by Vladimir Nabokov, translated by Dmitri Nabokov
Putnam’s, 127 pp., $16.95
When Vladimir Nabokov was questioned in America about the impulse that had led him to write his sensational novel Lolita, he half-evaded the question. He said he had felt an early “throb” of interest in the subject of nymphets when he was a refugee in Paris in 1939 and was working on a short novel called The Enchanter. Like a great many distinguished Russian writers he had fled to Berlin after the Russian Revolution and, in 1939, was faced by the threat of the Nazi invasion of France. His liberal father, an important advisory political figure under the czar, had already been assassinated by a right-wing group. The novelist packed his papers and the manuscript of the novel in the family luggage and fled to the United States. There The Enchanter lay unpublished until 1986, well after his death. He had revised it and his son Dmitri has now done a very fine translation with a commentary.
Not surprisingly the gifted son has inherited something of his father’s petulance, partly at the expense of Andrew Field’s rightly valued VN: The Life and Art of Vladimir Nabokov. Field did not accept the general European view that the nineteenth-century Russians were Victorian puritans on the subject of sex and marital relations. We have taken the official severity of the censors too seriously: landowners in remote provinces or in the capital were a law to themselves on matters of sex as indeed we know, for example, from Turgenev’s life and especially his mother’s. There were unexplained “orphans” and even hints of incest.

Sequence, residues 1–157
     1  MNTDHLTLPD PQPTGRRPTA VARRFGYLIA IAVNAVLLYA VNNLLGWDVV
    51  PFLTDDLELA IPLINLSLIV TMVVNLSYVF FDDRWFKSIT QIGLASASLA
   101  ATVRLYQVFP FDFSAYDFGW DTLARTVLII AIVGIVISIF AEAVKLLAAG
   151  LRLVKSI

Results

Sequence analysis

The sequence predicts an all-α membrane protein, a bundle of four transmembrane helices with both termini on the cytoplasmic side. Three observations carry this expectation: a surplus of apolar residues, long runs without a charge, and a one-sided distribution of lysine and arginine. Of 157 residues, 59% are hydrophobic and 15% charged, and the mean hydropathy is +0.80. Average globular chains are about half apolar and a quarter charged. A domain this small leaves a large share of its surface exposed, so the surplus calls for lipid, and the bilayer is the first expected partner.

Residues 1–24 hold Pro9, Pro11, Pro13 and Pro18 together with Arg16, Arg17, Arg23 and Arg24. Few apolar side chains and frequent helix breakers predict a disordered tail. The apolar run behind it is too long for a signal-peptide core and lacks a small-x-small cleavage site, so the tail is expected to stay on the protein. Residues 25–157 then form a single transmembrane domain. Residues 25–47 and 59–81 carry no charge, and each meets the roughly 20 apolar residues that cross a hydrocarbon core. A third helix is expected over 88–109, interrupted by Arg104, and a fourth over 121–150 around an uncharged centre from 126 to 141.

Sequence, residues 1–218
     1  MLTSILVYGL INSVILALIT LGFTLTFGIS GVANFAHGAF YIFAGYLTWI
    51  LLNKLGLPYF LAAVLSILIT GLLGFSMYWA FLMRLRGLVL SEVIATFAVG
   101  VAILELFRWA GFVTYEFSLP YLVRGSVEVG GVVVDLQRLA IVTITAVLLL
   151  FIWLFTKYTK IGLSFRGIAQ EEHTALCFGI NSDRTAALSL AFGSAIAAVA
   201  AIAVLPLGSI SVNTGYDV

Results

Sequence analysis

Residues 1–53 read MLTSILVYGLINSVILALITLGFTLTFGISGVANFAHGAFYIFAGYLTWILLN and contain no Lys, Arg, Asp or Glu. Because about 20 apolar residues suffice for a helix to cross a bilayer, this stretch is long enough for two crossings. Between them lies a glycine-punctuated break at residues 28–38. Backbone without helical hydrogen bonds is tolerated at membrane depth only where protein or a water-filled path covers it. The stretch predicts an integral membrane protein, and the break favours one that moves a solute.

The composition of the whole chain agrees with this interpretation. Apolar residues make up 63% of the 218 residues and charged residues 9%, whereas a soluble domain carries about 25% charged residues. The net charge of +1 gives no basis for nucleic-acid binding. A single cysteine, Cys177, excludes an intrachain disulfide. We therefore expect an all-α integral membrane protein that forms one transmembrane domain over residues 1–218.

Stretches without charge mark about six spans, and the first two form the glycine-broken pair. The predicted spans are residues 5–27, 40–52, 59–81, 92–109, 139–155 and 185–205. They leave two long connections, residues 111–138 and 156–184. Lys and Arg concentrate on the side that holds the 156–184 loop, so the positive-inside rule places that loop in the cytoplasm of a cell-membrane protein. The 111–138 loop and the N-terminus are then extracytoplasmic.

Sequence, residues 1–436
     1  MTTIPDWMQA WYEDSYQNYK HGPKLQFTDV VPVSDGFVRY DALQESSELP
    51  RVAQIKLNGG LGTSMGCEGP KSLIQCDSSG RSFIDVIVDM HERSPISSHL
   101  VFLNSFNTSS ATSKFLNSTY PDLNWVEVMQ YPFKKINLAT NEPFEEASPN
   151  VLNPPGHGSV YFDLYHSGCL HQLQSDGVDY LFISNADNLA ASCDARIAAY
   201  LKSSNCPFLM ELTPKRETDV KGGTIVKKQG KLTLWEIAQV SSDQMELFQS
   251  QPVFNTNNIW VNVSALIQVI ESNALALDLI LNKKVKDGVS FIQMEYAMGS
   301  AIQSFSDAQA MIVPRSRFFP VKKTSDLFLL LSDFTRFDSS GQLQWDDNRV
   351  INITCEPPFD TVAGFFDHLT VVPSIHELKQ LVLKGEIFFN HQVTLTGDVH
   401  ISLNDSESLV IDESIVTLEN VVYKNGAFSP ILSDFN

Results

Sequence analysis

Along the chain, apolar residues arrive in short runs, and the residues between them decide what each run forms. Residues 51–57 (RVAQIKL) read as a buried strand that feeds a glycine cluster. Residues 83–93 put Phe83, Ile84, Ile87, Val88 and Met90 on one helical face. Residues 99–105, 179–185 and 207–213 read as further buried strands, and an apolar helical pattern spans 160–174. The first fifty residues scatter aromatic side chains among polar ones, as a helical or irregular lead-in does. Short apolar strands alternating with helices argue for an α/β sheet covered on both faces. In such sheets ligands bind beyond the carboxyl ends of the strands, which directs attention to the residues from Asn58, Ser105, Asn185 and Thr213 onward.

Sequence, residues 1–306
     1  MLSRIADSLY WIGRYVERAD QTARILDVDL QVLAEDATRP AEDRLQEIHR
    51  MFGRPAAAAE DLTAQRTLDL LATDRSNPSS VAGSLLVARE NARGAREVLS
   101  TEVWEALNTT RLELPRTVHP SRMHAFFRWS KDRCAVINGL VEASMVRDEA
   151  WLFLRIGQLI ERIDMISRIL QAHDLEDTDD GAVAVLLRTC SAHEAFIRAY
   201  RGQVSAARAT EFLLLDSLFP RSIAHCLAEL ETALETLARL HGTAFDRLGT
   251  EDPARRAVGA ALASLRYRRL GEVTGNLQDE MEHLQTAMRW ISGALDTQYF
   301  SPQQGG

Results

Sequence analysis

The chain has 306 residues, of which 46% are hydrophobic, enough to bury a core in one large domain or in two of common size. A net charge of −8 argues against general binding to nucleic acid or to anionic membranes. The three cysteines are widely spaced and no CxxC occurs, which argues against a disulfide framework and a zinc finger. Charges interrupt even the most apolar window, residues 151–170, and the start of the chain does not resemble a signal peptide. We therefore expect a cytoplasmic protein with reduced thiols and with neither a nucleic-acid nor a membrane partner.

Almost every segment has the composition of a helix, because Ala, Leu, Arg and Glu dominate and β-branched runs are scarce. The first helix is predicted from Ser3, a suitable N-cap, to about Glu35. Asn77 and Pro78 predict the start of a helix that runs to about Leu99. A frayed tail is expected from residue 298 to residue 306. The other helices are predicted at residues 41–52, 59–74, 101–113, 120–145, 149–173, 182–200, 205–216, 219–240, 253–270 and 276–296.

Family loyalty has stirred Dmitri Nabokov to attack Field’s “overblown claptrap” about family matters. It does seem that the son is right in one instance: Vladimir did not call his mother Lolita; Field misread the Cyrillic script. More interestingly, on the subject of literary influences, Dmitri says, “I shall not venture to assess the importance…of Lewis Carroll,” on whom the father wrote an important essay, or that of the arguments he had drawn upon Havelock Ellis’s study of the confessions of a Ukrainian pedophile. The excellent Chekhov scholar Donald Rayfield had discussed Havelock Ellis’s find and Edmund Wilson had sent the transcript to the novelist in 1948—too late for The Enchanter but well in time for Lolita.
Academic speculations are one thing, the practice of art is quite another. I am with Dmitri Nabokov when he says the arts in general pulsate with “throbs” and that Lolita was “unquestionably the product of very new and different artistic stimuli.” In The Enchanter the seducer is presented as a dismal man of forty, lonely by choice, finical by nature, without friends, who has vague bookish intellectual employment. He has something of the nature of a magician or conjurer in him. One hint of this is that he wears a pretty watch in which the hands are concealed—a draw to any child.
In the opening scenes we see him sitting with two plain, commonplace …